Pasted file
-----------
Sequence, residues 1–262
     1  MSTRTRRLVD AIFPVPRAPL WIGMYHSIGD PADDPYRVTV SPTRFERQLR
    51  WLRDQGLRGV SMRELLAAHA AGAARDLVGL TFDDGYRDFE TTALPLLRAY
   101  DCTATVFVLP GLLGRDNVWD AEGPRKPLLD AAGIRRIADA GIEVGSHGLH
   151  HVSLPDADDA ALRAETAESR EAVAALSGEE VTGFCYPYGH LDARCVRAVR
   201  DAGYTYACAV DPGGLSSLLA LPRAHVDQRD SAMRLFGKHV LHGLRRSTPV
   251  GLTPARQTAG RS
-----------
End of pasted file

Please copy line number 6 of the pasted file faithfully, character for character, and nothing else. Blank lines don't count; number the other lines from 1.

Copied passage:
   201  DAGYTYACAV DPGGLSSLLA LPRAHVDQRD SAMRLFGKHV LHGLRRSTPV